The Corner

Muravchik and the Dems

Jonah, I’m headed out for some travel, and so don’t have time for back-and-forth on Muravchik’s piece. But let me note quickly that I found Muravchik’s defense of democratization theory unconvincing.

Muravchik says that even had we installed and backed a single strong leader, American troops would still have had to sustain him. That’s true, but it does not follow, as Muravchik claims, that our military burdens would have been the same in that case as they are now. No-one can know the outcome of this counter-factual, but it is certainly conceivable that a U.S. backed strongman might have had more success at keeping rebellious factions mollified and in check than what we’ve seen take place so far. Again, this can’t be known one way or another, but for that very reason, we can’t take Muravchik’s assurance as valid.

Muravchik says that such democracy as has taken hold in Iraq has “made our burdens there so much lighter.” I find this unconvincing, and it seems more an assertion than an argument. Muravchik says high voter participation and “a degree of give-and-take among the various factions” shows that “democratization can be said to have received a decent start in Iraq.” Again, this is unconvincing. I’m not sure what a bad start for democracy would look like, if what we’ve seen so far is decent.

Muravchik says outsiders can help start successful democracy. He may be right in some cases, but this begs the question of whether a strategy heavily dependent on outsiders will succeed in the Middle East. Muravchik says American democracy itself depended on outside help from Lafayette. Well, America had a deep indigenous tradition of democracy. Iraq does not. The Lafayette analogy is so strained that it only makes Muravchik’s argument look weak.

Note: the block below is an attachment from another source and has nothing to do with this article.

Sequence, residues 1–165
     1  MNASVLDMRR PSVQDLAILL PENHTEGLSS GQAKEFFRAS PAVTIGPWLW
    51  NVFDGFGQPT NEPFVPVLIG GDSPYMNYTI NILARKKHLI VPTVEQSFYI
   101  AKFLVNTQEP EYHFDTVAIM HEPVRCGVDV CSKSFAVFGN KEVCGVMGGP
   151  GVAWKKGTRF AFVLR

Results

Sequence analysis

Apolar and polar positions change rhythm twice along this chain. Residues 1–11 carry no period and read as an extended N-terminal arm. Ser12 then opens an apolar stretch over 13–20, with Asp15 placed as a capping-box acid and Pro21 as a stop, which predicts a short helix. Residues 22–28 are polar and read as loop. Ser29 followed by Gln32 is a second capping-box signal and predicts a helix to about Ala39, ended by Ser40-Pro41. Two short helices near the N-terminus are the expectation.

The root of the problem is that Muravchik still identifies democracy too heavily with elections. He talks about the need to change the “political culture” of the Middle East, but his notion of political culture is, by my lights, far too shallow. Muravchik thinks elections “will work to pacify” an excessively violent political culture. But this puts the cart before the horse. The absence of elections is not the cause of factional fighting. That is why the presence of elections has done little to stem such fighting. The existence of a social system based on tribal and religious factionalism explains why elections by themselves have been unable to transport a liberal political culture to Iraq. Only a slow and deep shift toward a liberal political culture could allow a democratization strategy work in the Middle East. For that to happen, elections should come after deeper, liberalizing social change, not before. (For my detailed views on this, see “Democratic Imperialism.”)

In short, while it’s clear that Muravchik has not changed his mind about democratization, I don’t think he’s even begun to meet the objections of sceptics. In my reading, Muravchik has restated his conclusions about democratization, but has not argued for them in any detail. Nor do I see how any scenario in Iraq would have made Muravchik change his mind. I’m not sure how the aftermath of elections could have been much more discouraging than what we’ve seen in Iraq. At this point, the “quick elections are the solution” theory still seems to me to be running on empty.

As I’ve noted before, the interesting thing is that the center of democratization theory has now shifted to the Democrats. Have a look at the “After Iraq” symposium in the new liberal policy journal “Democracy.” Notice that the piece by Will Marshall advocates backing the right of Egyptian Islamists like the Muslim Brotherhood to participate in elections, while Larry Diamond is talking about promoting democracy through “serious and sustained dialogue” with various Islamists. Folks still don’t realize what’s going to happen if the Democrats get in. The notion of quick democratization in the Muslim world isn’t going to be pared back, it’s going to be supercharged. The Dems are going to take a precipitous democratization policy and make vastly more problematic than it already is by applying it to Islamist parties–at least that’s what one major faction of Democratic policy wonks is going to push for. It’s going to be “accommodation” city, and all under the guise of democratization.

Stanley Kurtz is a senior fellow at the Ethics and Public Policy Center.

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